A firm in Essex is advertising its services, offering professional mourners to attend funerals, grieve, and mingle with other guests. Its website says: "Whether you need to introduce new faces, increase perceived popularity or simply increase numbers we are here to help!"
But is there any demand for this peculiar service?
The serviceThe company has been around since early last year, and has had more than 50 bookings in that time. It has 20 professional mourners on its books, who will attend funerals for two hours for £45: for £90 they will come to the wake too.
The website promises: "We will take your guidance on how you would like us to integrate and mix with your other guests." The client will brief mourners before the service on the life of the deceased, and the 'story' of who the professional mourner is pretending to be. They are not professional actors, so don't expect a BAFTA-winning performance, but they will be polite, respectful and discreet.
Ian Robertson, the founder of Rent a Mourner told Jasmine Birtles of MoneyMagpie: "We tend to ensure at least two staff members attend each funeral so they can help each other during the funeral and wake. Our staff members are all good conversationalists and well educated, so they can hold a conversation with anybody."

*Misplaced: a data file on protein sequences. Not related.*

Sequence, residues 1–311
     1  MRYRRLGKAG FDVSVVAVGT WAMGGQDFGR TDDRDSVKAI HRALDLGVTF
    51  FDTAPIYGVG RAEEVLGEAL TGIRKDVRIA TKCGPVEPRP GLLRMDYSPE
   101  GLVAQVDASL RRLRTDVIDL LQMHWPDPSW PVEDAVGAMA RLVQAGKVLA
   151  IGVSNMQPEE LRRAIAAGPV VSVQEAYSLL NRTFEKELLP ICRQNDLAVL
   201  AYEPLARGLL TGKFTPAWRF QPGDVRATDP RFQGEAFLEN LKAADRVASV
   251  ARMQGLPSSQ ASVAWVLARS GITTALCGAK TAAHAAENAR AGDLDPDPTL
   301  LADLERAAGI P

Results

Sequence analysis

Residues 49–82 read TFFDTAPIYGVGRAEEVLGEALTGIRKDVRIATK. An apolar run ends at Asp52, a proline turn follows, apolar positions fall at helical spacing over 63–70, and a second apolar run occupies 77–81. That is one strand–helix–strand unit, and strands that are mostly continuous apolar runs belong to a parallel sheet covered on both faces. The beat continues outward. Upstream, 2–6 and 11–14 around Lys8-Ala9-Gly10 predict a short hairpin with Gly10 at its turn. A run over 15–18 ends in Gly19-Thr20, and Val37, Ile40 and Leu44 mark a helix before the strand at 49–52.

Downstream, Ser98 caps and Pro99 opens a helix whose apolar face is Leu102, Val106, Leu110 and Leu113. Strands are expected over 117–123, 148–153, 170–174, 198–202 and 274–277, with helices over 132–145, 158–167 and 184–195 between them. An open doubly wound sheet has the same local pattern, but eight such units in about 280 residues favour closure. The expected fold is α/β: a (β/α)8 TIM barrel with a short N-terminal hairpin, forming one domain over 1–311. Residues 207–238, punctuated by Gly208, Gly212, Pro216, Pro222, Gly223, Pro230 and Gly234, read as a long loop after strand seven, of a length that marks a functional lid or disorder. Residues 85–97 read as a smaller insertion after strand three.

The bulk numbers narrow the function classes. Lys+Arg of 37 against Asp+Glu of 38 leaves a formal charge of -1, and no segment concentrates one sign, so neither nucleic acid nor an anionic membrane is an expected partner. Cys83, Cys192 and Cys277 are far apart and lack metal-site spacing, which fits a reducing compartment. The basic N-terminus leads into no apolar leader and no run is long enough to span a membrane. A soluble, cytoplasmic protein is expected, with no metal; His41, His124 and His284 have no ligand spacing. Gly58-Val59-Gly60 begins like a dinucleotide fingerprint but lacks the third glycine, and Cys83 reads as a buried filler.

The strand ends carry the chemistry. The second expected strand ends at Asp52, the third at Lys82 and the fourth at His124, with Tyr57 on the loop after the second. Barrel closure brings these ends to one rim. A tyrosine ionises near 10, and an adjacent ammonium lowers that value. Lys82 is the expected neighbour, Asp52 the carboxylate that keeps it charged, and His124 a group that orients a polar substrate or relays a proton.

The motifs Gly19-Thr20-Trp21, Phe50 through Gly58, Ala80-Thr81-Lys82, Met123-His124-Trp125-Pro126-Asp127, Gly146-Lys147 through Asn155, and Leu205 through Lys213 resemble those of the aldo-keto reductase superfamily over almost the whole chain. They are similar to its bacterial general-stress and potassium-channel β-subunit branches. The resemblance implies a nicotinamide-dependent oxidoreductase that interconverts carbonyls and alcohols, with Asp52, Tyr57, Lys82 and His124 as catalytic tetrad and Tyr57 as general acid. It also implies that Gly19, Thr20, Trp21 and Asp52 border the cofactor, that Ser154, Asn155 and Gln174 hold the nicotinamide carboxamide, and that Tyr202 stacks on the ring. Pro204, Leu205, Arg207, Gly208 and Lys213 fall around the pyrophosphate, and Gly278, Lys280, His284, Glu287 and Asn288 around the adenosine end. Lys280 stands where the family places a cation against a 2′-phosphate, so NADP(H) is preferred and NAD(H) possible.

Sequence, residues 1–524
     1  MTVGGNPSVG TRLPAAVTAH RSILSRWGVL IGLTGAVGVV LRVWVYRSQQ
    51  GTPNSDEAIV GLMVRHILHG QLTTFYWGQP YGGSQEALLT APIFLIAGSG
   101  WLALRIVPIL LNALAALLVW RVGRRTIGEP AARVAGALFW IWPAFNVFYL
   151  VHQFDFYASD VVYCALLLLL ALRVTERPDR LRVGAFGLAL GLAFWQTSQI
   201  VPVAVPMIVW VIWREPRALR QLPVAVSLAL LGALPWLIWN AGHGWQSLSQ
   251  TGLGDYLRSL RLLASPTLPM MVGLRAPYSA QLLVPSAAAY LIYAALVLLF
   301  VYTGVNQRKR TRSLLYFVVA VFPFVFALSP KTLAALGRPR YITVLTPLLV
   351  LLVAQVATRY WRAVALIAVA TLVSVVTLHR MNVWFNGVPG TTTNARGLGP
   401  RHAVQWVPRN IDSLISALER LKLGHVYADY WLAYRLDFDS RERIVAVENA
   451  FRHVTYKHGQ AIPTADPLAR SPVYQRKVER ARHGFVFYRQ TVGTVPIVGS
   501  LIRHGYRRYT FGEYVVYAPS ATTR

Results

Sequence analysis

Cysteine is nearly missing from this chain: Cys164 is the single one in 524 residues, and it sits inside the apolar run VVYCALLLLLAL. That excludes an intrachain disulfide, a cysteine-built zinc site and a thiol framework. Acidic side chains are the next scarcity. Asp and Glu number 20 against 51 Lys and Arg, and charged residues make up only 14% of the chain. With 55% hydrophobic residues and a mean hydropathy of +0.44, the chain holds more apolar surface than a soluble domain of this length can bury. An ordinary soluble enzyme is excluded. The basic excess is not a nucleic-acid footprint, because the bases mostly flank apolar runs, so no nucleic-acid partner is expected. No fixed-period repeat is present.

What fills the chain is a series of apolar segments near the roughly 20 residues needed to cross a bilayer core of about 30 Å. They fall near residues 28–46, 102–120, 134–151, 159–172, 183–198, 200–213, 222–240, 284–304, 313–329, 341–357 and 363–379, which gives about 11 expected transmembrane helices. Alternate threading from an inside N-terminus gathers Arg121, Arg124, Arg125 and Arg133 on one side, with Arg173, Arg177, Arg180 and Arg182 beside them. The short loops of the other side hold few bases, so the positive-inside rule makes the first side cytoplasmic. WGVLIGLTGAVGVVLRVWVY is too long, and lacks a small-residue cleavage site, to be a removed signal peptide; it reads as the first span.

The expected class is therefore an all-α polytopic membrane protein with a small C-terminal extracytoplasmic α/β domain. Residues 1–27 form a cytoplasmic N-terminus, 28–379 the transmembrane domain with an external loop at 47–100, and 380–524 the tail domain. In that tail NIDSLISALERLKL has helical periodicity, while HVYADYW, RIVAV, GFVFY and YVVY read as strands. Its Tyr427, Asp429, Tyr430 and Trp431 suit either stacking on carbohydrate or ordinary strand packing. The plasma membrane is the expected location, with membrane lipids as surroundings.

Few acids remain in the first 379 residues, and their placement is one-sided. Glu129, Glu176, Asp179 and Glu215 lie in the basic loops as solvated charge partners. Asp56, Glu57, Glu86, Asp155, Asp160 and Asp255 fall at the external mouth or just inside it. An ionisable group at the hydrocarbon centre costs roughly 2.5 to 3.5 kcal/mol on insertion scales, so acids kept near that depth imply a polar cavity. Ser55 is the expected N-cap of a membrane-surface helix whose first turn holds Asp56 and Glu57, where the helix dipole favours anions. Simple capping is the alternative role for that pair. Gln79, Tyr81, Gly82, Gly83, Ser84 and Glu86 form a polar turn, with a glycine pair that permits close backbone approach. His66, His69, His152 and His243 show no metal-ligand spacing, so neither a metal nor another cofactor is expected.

Not so unusualProfessional mourning has been common for thousands of years in other countries. In the Far East, huge funerals featuring crowds of professional mourners are commonplace. In Taiwan, the most popular professional mourners have celebrity status - and the mourners are performers intended to express the grief of the family and friends of the deceased.
In the Middle East professional mourners are expected at funerals - and are even mentioned in the Bible. These professionals are often women - with the job handed down from mother to daughter.
They were also all the rage in Victorian times in England, when mourning became a national pastime.
TrendAs people travel across the world for work, the trend has spread - as has the need. It's not always possible for people to travel to a funeral across the globe, so hiring a mourner becomes a possibility.
Some professionals will also deliver a eulogy, which could be useful in an age where the vicar performing the service is less likely to know the deceased, and family and friends may be too upset for public speaking.
The website told Birtles that it was looking to expand as it had already had to turn down 60 jobs because they were too far to travel.
The Essex firm is not offering wailing, but will fit in with the expectations of the client. Robertson told the Telegraph: "The Middle Eastern way is to provide wailers - crying women - as opposed to the quiet, dignified methods we use."
But what do you think? Would you hire a profession mourner? Would you consider the job? Let us know in the comments.